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Finding a Location (Tapestry of Faith)

In "," a Tapestry of Faith program

Retreat centers have distinct advantages for this program. Meals and refreshments are provided for you; dishes and clean-up are taken care of; meeting rooms that are apart from living and dining arrangements are provided; social spaces are available; comfortable sleeping spaces are available as singles or to be shared; break-out spaces are usually available for small groups to work in. In a retreat setting where participants stay overnight, a group quickly develops opportunities for building trust and intimacy that are peculiar to an "away from home" environment. While some retreat centers are upscale, most are accessibly or even modestly priced. Some offer historic charm, special amenities available to guests, or a spectacularly beautiful setting. Some require a certain amount of travel while others may be closer to your location.

Begin your selection process by deciding how far it is feasible to travel, what kind of a setting you are seeking, what price range is appropriate for your group, and what kind of living arrangements you prefer. Find out if meals are provided on site, because dining out will literally eat into the time the group needs to accomplish its work. Ask people, including your congregational or district staff members, for suggestions. Search online; most good retreat centers have informative, attractive websites. Make phone calls to narrow your selection to the most suitable options.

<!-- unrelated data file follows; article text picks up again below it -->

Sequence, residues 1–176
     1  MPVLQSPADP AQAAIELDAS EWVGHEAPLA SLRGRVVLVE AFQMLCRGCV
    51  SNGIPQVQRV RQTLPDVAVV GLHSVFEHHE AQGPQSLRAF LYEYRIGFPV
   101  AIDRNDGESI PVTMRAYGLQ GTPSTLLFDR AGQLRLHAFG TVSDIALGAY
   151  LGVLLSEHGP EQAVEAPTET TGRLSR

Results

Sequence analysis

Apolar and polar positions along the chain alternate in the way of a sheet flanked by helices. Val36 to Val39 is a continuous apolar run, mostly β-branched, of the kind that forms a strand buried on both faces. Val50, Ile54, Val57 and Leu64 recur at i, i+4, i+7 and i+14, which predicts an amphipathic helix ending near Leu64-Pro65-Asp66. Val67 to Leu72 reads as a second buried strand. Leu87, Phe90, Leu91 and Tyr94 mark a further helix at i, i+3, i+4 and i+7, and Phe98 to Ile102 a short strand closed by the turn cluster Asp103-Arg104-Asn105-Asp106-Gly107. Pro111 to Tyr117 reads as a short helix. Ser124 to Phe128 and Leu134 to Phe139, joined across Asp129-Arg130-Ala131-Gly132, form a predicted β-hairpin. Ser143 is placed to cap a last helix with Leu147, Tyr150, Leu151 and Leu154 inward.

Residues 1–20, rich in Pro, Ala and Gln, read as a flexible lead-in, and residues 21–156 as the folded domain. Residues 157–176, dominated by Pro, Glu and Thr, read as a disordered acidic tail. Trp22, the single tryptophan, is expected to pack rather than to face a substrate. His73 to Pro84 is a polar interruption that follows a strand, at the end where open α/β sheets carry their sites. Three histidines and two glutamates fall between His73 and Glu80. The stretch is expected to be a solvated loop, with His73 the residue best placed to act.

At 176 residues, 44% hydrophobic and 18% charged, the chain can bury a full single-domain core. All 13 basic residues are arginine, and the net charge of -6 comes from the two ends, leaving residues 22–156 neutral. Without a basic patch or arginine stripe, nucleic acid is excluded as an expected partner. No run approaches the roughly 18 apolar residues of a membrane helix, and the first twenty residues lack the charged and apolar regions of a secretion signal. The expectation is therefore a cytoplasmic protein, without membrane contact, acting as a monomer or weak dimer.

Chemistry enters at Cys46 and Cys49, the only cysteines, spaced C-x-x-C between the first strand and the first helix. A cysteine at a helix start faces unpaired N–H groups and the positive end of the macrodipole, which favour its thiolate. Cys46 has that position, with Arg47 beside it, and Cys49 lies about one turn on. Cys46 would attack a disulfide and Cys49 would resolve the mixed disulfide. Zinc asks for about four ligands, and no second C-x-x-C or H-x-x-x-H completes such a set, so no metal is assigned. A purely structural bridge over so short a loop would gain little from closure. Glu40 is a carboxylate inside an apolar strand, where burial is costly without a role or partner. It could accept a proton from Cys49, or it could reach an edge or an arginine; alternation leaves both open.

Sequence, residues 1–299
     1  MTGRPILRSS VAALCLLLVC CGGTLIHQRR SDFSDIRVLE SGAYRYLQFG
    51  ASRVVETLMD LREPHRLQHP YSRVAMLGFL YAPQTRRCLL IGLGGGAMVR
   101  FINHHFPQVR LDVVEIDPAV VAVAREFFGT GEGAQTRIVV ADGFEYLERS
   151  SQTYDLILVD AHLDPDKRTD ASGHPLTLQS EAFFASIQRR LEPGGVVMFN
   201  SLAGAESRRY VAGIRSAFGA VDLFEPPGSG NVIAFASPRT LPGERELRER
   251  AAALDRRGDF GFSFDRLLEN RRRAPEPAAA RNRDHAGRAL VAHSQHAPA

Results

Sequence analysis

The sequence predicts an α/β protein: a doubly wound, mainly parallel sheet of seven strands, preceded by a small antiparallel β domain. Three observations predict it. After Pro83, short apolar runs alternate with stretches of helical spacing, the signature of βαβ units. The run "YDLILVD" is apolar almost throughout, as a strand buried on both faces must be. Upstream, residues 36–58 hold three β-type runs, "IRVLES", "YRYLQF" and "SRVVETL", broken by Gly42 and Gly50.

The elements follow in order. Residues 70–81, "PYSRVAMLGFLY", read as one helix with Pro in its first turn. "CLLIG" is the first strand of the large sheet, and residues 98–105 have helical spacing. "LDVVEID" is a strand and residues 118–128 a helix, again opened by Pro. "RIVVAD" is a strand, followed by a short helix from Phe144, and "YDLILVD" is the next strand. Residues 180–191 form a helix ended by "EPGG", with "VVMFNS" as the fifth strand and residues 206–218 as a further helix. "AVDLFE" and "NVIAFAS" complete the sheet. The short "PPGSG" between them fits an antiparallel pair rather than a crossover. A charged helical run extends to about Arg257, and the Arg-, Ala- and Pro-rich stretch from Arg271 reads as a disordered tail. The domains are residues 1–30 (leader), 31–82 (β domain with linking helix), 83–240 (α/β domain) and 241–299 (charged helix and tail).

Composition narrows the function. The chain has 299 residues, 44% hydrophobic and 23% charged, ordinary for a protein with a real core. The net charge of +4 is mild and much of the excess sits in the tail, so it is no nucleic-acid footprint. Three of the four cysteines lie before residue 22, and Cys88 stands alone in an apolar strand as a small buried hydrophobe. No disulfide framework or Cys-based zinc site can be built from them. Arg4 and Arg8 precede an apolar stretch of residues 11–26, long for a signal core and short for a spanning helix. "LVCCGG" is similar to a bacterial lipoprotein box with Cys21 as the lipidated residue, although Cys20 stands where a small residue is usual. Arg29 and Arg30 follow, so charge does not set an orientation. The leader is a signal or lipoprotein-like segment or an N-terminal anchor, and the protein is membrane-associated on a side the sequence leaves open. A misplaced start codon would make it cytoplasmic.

Make arrangements to check things out in person before you commit. See if you can have a meal there and tour the facilities and grounds. Find out if a retreat center staff member will be working with you to ensure that your experience will be pleasant and fulfilling. Prepare for your visit with information for the staff about your group and its needs and any questions you have. Pay attention to accessibility issues for those who have obvious or not so obvious needs for accessible accommodations; use these questions:

  • Is the site easily navigated by those with mobility impairments?
  • Is seating comfortable and plentiful? Are there tables to write on?
  • Are there quiet spaces available for break-out groups?
  • Is there a microphone available for participants' use?
  • Is the site reachable by public transportation or by shuttle? If not, are you willing to help arrange carpools?
  • Are there bathrooms attached to bedrooms?
  • Are there single or double rooms, as opposed to dormitories?
  • What food choices are available? Can they accommodate vegans, vegetarians, and people with food allergies?

For more information contact web @ uua.org.

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Last updated on Saturday, December 10, 2011.

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